If you take a peek inside the average professional utility contractor’s toolbox you are apt to see a variety of gear. Among all the possible methods, traditional radio detection – basically waving a wand back and forth over an area – is used most frequently. This tried and true method gives information to about 3 to 4 feet of where a target is located.
But dig deeper into the toolbox to find some newer technology that gives contractors a much higher level of horizontal accuracy, showing information to within an inch of the location. It can also differentiate among the 4 to 5 utilities that may be located in a trench, which really adds to the tool’s usefulness.
The new system is lightweight – weighing in at only 34 pounds, making it the smallest and lightest utility locating GPR system on the market. And what really seals the deal is the unit’s affordability.
Creating a more affordable GPR device for the utility locating market required a complete product redesign. The goal was to develop a simple to manufacture package that would have the same performance and ruggedness as higher end utility scanning equipment.
To get to that affordable price point, the product design team focused on reducing the number of components built in-house, including expensive customized computers used for controllers. Using consumer-based electronics instantaneously reduces costs by a significant amount.
Another major plus is the wireless design, which completely eliminated any issues with controller connectors not holding up in tough field conditions. The Wi-Fi had can handle the data rates encountered, and the antenna is rugged enough to satisfy the needs of customers pushing these machines through dirt. A backup wired connection was added if Wi-Fi is not allowed on a particular site or facility, for example, at a nuclear power plant or some government offices.
Another goal was to make the unit impervious enough to water and dust so it could receive an IP 65 rating. Controller options include the consumer-based NVIDIA SHIELD tablet K1 and fully-rugged Panasonic ToughPad® FZ-B2. The more expensive ToughPad option provides the full weatherproof capability and IP65 rating. The new unit is also bomb-proof.
Portability was also on the minds of product designers. The goal was to design the system so it could fold down into the back of a small car, or even be stowed in an airplane overhead compartment. The unit measures only 22-inches by 19.25-inches by 12.5-inches. Chassis design was critically important to the overall product design process. The team explored many different options, eventually selecting a new molding technology that could make strong parts at a lower cost.
The feedback on the unit has been very gratifying for those who added the new technology to their toolboxes. Affordability was certainly the primary motivator for Peter Doyle, technical sales manager for Detection Solutions, based in Australia. Doyle has recently introduced the UtilityScan to new and existing customers – from surveyors to contract locators. “The importance of an affordable unit was immense for the customers we deal with,” said Peter. He adds, “By making it more economical, they can have more units.” He also finds the new UtilityScan to be a perfect size, offering easy setup. The wireless antenna is a great functional feature, as there are fewer plugs that can be damaged or broken.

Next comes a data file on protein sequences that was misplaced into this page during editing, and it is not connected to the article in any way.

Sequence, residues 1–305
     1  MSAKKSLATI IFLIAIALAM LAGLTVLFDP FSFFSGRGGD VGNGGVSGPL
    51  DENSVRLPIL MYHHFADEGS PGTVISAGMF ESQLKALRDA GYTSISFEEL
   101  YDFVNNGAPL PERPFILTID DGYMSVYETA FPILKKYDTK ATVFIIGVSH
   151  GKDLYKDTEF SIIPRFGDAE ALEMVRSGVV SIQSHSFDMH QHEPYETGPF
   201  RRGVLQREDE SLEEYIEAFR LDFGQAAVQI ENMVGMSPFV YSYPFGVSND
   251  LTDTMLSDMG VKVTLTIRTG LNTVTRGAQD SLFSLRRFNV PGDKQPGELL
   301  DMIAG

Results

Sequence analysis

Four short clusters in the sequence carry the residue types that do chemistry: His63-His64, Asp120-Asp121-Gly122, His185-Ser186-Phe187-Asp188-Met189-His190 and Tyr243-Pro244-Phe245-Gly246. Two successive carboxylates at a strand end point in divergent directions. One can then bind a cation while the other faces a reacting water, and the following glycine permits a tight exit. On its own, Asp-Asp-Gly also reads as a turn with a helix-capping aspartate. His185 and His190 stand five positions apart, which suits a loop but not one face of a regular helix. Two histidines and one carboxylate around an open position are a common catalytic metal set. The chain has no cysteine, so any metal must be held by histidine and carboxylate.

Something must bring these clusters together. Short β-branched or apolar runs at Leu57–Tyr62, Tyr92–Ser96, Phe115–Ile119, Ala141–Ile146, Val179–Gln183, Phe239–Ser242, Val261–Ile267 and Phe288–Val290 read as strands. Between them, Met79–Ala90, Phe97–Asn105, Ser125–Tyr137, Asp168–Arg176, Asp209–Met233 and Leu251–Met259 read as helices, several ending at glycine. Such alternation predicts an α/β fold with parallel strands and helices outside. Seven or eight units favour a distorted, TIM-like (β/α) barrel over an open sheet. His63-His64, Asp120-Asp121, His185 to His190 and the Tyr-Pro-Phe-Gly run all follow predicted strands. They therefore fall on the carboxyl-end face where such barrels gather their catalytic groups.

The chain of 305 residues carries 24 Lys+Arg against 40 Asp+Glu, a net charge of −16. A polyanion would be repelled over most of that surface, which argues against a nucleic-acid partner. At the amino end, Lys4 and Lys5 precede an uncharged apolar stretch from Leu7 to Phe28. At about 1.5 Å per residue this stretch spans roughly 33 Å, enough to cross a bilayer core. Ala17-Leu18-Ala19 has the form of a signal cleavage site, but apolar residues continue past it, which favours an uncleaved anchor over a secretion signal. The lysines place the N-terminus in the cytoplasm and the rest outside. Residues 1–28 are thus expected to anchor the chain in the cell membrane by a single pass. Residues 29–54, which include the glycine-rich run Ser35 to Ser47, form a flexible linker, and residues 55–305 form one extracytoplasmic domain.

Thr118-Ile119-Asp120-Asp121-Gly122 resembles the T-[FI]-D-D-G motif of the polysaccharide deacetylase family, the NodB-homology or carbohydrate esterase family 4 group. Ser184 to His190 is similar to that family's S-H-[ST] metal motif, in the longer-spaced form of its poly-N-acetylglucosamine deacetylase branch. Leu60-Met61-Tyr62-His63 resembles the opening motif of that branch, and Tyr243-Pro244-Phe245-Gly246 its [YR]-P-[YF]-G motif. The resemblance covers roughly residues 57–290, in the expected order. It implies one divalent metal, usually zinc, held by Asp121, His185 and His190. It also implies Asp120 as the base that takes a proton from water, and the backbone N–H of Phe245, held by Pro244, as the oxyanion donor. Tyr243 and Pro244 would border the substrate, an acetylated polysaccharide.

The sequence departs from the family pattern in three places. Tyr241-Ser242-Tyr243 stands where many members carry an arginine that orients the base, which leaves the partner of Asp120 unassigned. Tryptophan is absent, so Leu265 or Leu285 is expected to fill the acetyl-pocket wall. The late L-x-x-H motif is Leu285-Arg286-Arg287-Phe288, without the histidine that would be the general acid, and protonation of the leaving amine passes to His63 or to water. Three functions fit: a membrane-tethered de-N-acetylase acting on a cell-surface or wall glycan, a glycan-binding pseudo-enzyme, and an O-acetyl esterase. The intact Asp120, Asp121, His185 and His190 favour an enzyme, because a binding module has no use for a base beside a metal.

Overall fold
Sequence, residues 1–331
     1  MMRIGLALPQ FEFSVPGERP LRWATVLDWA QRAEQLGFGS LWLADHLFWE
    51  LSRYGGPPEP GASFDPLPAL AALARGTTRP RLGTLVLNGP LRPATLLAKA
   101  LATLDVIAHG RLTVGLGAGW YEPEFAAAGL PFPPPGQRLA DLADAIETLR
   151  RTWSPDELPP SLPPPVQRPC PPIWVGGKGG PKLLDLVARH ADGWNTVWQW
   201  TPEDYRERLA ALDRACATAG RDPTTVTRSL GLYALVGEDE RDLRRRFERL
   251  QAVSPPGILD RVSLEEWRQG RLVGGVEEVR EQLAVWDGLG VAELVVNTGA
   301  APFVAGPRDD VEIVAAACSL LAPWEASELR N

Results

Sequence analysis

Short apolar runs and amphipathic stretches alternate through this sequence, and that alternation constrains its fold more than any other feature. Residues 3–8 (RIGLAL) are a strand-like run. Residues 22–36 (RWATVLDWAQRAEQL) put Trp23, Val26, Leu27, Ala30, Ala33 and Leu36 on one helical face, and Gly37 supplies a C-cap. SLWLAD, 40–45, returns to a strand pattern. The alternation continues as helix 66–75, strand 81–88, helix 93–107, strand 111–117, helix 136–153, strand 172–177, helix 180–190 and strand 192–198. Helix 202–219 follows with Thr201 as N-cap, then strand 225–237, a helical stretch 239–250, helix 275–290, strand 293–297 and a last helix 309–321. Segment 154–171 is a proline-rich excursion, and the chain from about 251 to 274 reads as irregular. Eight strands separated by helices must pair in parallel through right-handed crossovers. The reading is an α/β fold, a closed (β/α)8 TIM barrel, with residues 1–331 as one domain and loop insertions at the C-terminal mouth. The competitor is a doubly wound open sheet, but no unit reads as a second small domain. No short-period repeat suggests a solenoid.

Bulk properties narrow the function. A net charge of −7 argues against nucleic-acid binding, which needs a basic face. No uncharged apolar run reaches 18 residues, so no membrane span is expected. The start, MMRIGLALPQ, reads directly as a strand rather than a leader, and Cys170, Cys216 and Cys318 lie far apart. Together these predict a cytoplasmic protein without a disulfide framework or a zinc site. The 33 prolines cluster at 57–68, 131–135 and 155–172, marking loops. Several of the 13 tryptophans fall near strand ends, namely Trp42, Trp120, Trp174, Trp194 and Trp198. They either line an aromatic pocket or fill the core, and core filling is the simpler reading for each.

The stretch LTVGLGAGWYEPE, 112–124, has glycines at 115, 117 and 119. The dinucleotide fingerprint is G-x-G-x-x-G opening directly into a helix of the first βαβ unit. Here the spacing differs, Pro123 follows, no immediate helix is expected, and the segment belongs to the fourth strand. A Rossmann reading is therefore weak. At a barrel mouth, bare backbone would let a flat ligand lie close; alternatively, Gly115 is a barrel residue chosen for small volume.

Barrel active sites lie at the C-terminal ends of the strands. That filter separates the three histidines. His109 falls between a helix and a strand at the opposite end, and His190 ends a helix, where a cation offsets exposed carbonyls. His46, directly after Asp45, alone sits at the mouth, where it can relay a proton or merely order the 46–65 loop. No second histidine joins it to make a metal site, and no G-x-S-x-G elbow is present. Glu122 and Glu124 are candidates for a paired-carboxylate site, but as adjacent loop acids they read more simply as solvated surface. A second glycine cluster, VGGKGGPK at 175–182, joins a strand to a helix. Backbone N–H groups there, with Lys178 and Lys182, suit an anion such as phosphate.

Another happy camper is Mark Johnson, Market Manager for Ground Penetrating Radar Systems, Inc. (GPRS), the nation’s largest company specializing in detection of underground utilities and scanning of concrete structures. “The more affordable the equipment, the sooner we can put a new guy in the field and continue to grow the business,” said Johnson. He also likes the new technology’s small size “Sometimes we get into areas where we have tight spaces. Larger units on a three-wheeled cart would be more cumbersome in that type of setting and could be a disadvantage there.”
So yes, it’s affordable, portable, and durable – but the internals are where the new GPR system really shines! The antenna design is based on an existing state-of-the-art digital antenna. This 350 MHz antenna uses patented HyperStacking technology that allows users to see deeper targets and operate in conditions considered too “noisy” for conventional systems. The HyperStacking design also uses less power, which allows batteries to run the system for more than eight hours. So, not as much swapping out batteries in the field.
The system design also includes LineTrac™ technology, which helps locate underground power sources like AC power and induced radio frequency (RF) energy in utilities. The new technology uses a novel approach called sensor fusion, in which coils that detect power radiated from electrical cables are fused with GPR in a single box. It produces an overlay over radar data that shows the presence of powered electrical cables.
The new technology is more affordable for the end user and provides an easier entry into the GPR market. At the same time, the system’s data fusion using multiple sensors, and easier user interface, provides an extremely high level of performance for today’s utility locators.